A Return To Brick And Mortar
Likewise, manufacturers are seizing opportunities to deepen consumer relationships through their own specialized physical stores. The lines between sales channels are blurring like never before, as innovative, omnichannel companies are figuring out how to seamlessly integrate what today's consumers want most.
Products evolve to destinations.
To bring their brand to life with a unique experience for fans, Chobani launched a first-of-its-kind Mediterranean yogurt bar in New York City's SoHo neighborhood. Chobani SoHo builds off the brand's popular Greek yogurt and turns out artisanal creations by mixing in seasonally inspired, fresh, gourmet ingredients. Each is handcrafted by “Yogurt Masters” to deliver an impressive presentation and flavor profile. A perfect fit for the neighborhood, Chobani has created a sophisticated, authentic and wholesome brand experience -- an entirely new usage opportunity that is prime for social media buzz and new product extensions.
Nespresso has taken “showrooming” to a whole new level with the launch of its first West-Coast boutique bar, located in San Francisco’s renowned Union Square. The new-shop-on-the-block’s neighbors are no accident -- kitty-corner to names like Hermès, Prada, Monte Blanc and Porsche, Nespresso is surrounded by luxury shopping’s elite. The 7,400-square-foot, two-story bar combines premium coffee with exceptionally beautiful space to create a prestigious experience. As a result, the machines and pods on display begin to transform from mere merchandise to modern art… customers can bask in the elite atmosphere, and then extend the experience by taking Nespresso products home with them or ordering online.
Polaroid hopes to shake up the world of photography with the launch of its first brick-and-mortar store dedicated to helping people tap into their smartphone photos and turn them into artwork suitable for display. Straight from the Apple retail playbook, the Polaroid Fotobar offers sleek, modern lines and interactive Mac-based workstations. Experienced photographers and photo manipulators are there to help you jazz up your best photos and have them printed on materials like canvas, metal, acrylic, and bamboo. Polaroid hopes to complement its products and online services with the Fotobar, betting that this interactive experience will be fun and educational enough for customers to keep them coming back.
Online retailers pursue offline solutions
The flash-sale retail giant Fab.com recently outlined its vision of becoming the world’s largest store for design, which included a new brick-and-mortar store in Hamburg, Germany and another soon to come in Berlin. The stores will build on Fab’s “Designed By You” furniture customization platform, allowing customers to interact with the tangible product and more thoroughly enjoy planning their design.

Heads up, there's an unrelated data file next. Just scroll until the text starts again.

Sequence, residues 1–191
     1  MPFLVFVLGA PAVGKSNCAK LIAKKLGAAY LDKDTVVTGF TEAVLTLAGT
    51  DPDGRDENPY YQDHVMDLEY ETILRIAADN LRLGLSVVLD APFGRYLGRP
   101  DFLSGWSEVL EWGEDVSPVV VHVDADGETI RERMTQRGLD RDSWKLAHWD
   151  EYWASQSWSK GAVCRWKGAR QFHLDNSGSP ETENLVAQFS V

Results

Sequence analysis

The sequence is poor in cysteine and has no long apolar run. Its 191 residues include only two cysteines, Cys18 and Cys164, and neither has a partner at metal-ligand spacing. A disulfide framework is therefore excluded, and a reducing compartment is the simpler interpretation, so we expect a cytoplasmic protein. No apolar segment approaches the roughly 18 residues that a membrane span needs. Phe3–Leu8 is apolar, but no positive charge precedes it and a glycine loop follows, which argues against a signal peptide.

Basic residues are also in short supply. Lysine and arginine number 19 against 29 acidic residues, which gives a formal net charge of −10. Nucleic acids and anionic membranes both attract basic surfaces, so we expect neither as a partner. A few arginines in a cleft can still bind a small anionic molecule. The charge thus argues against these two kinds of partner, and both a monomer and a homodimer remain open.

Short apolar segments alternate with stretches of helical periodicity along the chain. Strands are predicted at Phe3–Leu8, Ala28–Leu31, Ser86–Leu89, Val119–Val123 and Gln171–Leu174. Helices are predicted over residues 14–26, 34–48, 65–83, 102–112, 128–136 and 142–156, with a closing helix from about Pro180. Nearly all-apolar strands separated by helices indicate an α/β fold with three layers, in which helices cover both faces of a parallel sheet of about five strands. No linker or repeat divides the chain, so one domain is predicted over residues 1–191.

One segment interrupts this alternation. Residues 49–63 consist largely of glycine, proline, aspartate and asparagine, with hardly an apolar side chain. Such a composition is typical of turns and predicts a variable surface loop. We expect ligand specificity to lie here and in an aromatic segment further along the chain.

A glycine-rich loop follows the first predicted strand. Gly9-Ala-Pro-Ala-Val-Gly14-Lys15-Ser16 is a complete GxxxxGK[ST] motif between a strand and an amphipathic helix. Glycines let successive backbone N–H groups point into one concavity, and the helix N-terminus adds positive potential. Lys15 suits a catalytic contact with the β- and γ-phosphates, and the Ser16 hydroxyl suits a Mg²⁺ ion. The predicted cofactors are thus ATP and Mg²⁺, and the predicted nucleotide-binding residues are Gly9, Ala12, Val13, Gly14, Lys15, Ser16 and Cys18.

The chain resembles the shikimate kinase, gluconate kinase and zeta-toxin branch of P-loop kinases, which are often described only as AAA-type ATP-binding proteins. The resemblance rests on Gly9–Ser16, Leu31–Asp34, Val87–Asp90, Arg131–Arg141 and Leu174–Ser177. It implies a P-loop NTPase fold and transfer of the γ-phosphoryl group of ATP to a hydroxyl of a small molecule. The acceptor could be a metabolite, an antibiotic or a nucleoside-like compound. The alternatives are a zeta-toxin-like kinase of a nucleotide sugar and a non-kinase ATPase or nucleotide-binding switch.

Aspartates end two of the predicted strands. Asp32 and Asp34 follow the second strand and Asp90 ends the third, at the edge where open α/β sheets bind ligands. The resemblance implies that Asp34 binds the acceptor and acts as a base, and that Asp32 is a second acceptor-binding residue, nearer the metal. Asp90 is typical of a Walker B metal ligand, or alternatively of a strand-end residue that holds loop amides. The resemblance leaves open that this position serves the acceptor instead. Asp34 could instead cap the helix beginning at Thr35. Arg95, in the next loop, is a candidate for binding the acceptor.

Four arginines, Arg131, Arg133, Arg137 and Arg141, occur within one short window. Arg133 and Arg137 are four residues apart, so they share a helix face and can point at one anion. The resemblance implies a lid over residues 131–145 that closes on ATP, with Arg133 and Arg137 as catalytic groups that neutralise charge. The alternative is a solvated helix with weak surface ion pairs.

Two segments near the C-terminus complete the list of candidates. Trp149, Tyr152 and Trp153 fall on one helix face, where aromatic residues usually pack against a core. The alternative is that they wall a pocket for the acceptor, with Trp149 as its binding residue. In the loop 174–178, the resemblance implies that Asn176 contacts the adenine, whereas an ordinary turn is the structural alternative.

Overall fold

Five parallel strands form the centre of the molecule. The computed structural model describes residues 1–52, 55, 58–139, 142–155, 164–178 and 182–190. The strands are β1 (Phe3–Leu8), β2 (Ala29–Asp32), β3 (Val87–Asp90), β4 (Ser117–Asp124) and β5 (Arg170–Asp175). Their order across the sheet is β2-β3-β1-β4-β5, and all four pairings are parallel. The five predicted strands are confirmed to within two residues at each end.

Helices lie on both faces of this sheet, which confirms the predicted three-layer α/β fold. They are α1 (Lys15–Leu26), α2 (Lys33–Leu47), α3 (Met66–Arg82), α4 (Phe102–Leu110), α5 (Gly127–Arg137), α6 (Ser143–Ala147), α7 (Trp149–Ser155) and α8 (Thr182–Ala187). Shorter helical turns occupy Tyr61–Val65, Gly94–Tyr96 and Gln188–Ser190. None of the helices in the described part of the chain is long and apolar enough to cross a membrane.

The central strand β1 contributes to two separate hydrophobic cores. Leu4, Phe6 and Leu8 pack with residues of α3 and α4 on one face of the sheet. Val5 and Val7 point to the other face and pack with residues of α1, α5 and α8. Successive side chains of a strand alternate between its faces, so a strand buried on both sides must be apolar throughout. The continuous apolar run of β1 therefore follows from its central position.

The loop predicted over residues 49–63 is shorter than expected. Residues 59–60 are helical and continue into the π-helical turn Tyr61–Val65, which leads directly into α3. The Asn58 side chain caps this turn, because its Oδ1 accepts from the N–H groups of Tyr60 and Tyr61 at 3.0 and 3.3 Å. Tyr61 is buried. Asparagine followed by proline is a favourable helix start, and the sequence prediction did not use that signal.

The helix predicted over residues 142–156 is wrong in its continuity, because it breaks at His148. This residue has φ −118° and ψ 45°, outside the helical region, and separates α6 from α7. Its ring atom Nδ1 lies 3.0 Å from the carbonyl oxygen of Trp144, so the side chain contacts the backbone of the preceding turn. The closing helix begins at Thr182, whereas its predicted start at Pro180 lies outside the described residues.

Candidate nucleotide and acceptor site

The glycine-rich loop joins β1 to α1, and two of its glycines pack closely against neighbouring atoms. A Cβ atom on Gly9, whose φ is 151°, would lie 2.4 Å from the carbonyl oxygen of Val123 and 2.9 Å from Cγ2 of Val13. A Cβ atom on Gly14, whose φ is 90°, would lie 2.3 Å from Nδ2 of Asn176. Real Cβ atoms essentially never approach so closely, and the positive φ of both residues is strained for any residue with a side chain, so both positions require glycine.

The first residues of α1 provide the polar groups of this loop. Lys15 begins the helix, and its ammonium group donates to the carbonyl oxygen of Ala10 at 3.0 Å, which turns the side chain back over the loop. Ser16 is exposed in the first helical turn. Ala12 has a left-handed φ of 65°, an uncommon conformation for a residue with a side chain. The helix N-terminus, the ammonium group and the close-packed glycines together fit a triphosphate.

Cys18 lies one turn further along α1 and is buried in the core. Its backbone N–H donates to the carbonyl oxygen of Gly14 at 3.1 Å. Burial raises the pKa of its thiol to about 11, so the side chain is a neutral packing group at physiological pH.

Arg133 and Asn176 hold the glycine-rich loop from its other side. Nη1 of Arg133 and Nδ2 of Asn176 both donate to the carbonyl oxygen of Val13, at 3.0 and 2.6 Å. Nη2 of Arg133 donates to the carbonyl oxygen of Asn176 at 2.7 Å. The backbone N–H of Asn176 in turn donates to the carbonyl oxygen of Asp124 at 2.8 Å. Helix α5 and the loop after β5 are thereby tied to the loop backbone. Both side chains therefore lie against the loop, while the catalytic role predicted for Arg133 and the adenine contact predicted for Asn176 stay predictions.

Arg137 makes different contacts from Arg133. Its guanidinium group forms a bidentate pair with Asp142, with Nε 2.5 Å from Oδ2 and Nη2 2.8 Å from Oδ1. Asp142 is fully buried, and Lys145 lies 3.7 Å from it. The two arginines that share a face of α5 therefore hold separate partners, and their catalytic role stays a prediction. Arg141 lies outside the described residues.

Originated to solve men’s dilemma of ill-fitting pants, Bonobos started out as one of the resolute online pure-plays, but they soon realized that a significant amount of would-be customers would not order online without experiencing the clothing first in person. Hence, the Guideshop -- a place solely designed for trying items on and placing orders while in the shop for home delivery. This highly customized physical space uniquely relieves one of the biggest pain points for online apparel shopping today.
Born online, Piperlime opened its first physical shop in New York's SoHo in September. Piperlime's loyal following of fashion-involved women asked for a place to experience the brand in person -- Piperlime responded with a boutique-style location featuring an edited assortment of trends, complete head-to-toe looks and in-store associates to help customers find styles they will love. Merchandised like the Web site, items are arranged by seasonal trends and picks from Piperlime’s retail gurus, providing a unified extension to the online experience.
These new models embrace the physical space and show how savvy businesses are listening to their customers, understanding how they want to shop and tailoring all channels accordingly. Each of these offline ventures taps into an understanding that sales are about service, not selling. Many ensure that their staff has as much information and expertise, if not more, than the customer has. They recognize that competitive channels are instantly available and are therefore seamlessly integrating all of their own for a consistent and synergistic brand experience. Their new omnichannel supply chains are promoting any combination of inventory search, purchase and delivery. It’s clear that the role of the physical store is changing as innovators adapt offline shopping to deliver an unprecedented level of freedom…so consumers can have whatever they want, when and wherever they want it.